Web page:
Dolphins help us educate Forum Extra

Marilee Keefe

June 25, 1993|By Marilee Keefe

JEAN-MICHEL Cousteau ("Save the dolphin: Let it go free!", Other Voices, May 11) begins eloquently by pointing out that "contact with marine mammals is educational" and "observation helps us to understand and respect the animals, and engenders the will to protect them in the wild."

These are the premises on which the zoos, oceanariums, aquariums and marine life parks are founded.

A recent Roper poll shows that the American public is in near-unanimous agreement (92 percent) in its understanding that these facilities play an essential role in educating the public about marine mammals and the need for their conservation. Most people (86 percent), according to the poll, feel that if people learn more about these animals, they are more likely to become concerned about them.

Public display is the single most effective vehicle for fostering appreciation of these animals. There is little or no government funding to help with the much-needed education, conservation, research and rescue programs for marine mammals supported by aquariums.

The tens of millions of dollars spent on research by the marine mammal display and research community have taught us a great deal about these animals. Such scientific study is only possible because of animals in aquariums and oceanariums. The results of this research provide the Alliance of Marine Mammal Parks and Aquariums the facts to refute the misrepresentations made later in Mr. Cousteau's article.

U.S. Navy research has conclusively proved that whales and dolphins can modulate their sonar at will, turning it on or off as they need to find food, navigate and avoid predators. Mr. Cousteau should know that.

A study for the government's U.S. Marine Mammal Commission said in 1988 that survival of dolphins in aquariums "may be better than or equal to survival in the wild," concluding at the time that it was not yet possible to compare survivability. More recent studies have provided data to support this premise. Here again are studies Mr. Cousteau has ignored.

No trainer at a public display facility in the U.S. has ever been killed by a whale, as Mr. Cousteau contends.

Knowledgeable marine mammal veterinarians do not agree with the premise that dolphins and humans commonly exchange infectious disease, as the writer would have us believe.

And no oceanariums, aquariums or marine life parks in our alliance withhold food to elicit behavior. The training of marine animals is always done in a positive manner. Successful relationships develop only when the animal and trainer have a good rapport, based on mutual respect and trust.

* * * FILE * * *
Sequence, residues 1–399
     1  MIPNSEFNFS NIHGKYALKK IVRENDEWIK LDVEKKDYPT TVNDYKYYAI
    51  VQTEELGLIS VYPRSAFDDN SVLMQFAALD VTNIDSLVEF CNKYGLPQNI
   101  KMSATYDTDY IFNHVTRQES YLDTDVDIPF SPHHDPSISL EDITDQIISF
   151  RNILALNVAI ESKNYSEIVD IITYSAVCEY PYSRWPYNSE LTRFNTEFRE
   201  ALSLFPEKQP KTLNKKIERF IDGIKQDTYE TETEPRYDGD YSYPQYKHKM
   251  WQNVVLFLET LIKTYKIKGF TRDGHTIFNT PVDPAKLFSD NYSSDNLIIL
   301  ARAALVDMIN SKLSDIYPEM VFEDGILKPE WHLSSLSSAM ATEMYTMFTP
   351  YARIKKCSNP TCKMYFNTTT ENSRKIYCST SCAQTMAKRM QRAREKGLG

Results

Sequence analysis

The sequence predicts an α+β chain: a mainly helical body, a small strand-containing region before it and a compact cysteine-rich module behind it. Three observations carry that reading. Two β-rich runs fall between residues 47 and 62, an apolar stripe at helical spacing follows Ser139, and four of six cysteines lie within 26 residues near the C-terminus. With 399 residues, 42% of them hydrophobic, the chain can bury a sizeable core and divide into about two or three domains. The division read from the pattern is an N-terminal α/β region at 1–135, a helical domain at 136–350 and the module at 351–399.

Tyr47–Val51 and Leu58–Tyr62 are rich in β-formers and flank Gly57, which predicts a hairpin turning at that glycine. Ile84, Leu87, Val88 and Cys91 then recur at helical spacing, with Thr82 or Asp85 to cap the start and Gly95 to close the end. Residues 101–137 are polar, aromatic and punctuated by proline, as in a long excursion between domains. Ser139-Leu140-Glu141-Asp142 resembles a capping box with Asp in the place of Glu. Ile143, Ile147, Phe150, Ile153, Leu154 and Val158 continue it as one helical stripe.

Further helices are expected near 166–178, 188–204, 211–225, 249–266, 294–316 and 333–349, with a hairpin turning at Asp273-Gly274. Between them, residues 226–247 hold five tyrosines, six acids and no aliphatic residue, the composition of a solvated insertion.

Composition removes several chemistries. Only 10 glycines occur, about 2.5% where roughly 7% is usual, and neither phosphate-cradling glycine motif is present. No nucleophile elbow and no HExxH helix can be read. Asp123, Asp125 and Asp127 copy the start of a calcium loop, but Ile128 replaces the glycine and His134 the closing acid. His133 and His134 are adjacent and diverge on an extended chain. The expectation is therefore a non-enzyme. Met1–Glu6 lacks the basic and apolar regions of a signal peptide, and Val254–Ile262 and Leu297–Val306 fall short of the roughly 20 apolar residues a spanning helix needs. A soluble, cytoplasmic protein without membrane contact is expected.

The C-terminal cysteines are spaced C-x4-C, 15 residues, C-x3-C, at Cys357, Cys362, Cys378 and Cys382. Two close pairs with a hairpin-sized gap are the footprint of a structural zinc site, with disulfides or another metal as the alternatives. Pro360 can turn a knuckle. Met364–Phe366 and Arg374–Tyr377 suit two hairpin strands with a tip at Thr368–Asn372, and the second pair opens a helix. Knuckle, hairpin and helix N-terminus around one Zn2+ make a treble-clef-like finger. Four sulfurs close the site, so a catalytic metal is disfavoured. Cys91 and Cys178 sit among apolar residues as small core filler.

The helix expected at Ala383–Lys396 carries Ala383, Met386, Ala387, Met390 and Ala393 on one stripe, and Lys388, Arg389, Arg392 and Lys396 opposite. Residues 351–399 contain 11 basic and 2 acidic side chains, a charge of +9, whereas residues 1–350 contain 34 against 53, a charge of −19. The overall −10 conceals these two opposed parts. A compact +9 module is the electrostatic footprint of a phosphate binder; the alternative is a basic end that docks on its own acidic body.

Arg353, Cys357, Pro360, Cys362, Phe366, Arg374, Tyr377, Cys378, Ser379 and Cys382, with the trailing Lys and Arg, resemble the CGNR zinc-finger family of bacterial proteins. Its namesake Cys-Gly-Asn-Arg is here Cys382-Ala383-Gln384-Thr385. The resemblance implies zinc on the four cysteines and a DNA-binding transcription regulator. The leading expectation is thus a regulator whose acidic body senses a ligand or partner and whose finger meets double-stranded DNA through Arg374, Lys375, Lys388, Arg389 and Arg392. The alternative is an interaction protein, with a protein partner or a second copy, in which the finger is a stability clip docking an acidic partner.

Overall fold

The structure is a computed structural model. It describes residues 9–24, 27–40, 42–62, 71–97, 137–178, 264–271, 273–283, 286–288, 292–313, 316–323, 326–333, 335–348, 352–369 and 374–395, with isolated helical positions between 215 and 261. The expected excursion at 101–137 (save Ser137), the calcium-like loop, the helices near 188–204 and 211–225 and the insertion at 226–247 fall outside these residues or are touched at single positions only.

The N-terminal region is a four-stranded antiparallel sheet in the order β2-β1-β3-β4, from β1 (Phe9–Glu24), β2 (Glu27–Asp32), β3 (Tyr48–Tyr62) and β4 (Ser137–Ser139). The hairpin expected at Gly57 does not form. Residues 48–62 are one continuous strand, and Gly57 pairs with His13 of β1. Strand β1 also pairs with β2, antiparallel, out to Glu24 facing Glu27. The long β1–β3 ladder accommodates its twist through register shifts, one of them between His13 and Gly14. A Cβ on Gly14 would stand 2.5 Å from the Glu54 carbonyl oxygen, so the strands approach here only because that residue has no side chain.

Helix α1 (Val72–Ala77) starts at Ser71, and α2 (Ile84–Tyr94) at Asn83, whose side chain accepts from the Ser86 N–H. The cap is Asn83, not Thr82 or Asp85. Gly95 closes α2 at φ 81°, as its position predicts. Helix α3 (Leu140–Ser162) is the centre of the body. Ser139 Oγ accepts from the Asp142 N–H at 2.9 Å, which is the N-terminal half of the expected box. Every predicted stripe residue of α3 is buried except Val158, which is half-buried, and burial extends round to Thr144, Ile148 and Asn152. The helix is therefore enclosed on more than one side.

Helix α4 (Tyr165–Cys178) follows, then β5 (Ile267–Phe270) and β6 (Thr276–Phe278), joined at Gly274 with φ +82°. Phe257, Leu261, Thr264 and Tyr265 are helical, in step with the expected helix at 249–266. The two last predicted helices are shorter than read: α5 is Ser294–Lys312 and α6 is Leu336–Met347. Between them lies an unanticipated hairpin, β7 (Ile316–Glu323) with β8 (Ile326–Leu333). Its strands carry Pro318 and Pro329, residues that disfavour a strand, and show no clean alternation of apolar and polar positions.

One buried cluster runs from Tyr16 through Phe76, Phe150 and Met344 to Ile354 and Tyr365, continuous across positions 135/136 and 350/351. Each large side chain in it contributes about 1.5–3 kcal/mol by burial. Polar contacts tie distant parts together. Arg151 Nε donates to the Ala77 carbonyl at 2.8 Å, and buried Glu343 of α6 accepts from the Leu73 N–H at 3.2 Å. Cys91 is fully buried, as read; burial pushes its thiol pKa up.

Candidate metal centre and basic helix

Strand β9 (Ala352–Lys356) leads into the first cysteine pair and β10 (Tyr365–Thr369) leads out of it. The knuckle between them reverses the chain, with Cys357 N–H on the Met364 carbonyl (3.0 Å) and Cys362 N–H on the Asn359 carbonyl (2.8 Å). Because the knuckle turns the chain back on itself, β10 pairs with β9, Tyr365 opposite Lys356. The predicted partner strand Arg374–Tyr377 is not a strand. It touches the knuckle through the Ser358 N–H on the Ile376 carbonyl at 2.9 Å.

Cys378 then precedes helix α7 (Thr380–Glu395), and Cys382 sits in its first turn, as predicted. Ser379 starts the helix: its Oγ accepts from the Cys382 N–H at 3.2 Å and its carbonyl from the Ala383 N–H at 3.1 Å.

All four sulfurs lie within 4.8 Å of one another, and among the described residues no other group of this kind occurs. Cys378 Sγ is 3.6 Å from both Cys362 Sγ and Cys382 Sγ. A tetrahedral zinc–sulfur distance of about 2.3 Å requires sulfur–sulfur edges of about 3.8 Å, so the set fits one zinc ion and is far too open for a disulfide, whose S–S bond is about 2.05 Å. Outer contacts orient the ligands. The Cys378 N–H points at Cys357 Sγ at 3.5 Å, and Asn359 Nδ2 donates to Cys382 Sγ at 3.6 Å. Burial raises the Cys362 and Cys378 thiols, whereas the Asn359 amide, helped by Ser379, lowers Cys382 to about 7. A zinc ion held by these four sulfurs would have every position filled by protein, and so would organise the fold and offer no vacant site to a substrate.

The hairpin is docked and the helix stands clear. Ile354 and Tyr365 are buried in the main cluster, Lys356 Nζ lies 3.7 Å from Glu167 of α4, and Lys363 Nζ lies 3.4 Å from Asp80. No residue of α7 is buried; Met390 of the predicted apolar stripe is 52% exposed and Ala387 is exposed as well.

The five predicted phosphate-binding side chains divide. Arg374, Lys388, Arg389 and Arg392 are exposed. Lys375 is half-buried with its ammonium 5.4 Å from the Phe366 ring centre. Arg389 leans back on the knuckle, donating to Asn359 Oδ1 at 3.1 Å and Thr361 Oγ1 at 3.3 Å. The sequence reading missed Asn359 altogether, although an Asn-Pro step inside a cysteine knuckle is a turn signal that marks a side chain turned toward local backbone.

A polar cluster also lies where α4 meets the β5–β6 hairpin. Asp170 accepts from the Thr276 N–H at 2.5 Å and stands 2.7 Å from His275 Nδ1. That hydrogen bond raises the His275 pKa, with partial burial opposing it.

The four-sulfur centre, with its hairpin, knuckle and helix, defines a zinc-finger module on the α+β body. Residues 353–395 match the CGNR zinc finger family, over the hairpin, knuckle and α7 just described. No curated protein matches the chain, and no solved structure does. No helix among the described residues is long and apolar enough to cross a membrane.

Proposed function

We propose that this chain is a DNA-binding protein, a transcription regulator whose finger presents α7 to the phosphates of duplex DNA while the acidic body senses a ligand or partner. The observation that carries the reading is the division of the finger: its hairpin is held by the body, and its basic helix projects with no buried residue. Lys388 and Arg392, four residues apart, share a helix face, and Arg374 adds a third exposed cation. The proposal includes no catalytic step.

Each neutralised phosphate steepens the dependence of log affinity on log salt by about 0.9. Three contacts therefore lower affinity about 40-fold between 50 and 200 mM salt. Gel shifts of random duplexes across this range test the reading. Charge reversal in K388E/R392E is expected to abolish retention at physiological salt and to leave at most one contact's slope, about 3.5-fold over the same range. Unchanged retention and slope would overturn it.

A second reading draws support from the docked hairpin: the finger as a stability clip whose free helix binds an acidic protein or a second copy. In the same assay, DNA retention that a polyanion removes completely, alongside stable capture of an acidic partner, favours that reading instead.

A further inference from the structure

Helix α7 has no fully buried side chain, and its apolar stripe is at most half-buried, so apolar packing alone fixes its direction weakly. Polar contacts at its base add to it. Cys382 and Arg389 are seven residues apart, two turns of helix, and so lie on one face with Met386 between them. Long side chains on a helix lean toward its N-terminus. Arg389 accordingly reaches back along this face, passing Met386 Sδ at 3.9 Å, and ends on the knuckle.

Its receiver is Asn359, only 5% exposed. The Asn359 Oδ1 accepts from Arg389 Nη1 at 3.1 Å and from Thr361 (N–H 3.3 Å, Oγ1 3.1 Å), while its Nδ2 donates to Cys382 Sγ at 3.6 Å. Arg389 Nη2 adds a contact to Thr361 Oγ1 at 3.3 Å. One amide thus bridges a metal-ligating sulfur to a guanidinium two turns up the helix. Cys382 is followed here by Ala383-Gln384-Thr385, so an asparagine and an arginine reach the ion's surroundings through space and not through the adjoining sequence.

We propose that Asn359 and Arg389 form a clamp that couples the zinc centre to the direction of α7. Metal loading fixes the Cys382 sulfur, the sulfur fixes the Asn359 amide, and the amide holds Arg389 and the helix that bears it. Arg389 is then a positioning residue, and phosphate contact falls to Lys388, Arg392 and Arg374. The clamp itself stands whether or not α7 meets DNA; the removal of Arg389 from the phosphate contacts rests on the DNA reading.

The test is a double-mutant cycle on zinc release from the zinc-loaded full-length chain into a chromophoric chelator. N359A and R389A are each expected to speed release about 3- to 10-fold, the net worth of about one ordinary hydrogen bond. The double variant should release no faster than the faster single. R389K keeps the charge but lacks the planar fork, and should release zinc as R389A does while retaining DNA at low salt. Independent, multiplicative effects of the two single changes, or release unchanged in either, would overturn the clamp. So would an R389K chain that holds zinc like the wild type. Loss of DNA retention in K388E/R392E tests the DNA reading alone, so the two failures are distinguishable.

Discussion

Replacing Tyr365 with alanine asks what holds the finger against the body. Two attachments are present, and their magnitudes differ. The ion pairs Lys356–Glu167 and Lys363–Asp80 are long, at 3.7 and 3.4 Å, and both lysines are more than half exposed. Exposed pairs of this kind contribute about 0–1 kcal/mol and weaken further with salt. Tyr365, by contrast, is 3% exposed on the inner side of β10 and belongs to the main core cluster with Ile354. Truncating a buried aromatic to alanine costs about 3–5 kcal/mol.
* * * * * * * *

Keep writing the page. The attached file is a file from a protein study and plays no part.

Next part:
Forty years ago, when the public had no opportunity to learn about dolphins, millions were mindlessly slain around the world by commercial fishermen and sportsmen. The few hundred presently in aquariums have succeeded in helping to persuade men, women and children of good will to take up the cause against those who would harm these animals and their environments. Today we are beginning to learn about the dangers dolphins face from pollution, destruction of their habitats, careless fishing and lethal trash -- especially plastic products -- dumped thoughtlessly in our oceans.

With Mr. Cousteau's ability to impress so many people comes a great responsibility to teach and inform, to inspire the necessary changes in attitude and behavior so important to the conservation of dolphins and other marine mammals.

He has let us all down by perpetuating myths that are misleading and untrue, and he has avoided current, readily available science in his treatise.

Our collective goal should be to strive daily to educate the new generation of young people to the delicate balance between humans and wildlife, and to their responsibility to protect the environment.

In a September 1992 National Geographic article, a long-time dolphin researcher said it succinctly: "Our knowledge of these dolphins is their protection."

The continued educational display of these animals is critical to their future well being.

Marilee Keefe is executive director of the Alliance of Marine Mammal Parks and Aquariums, based in Alexandria, Va.

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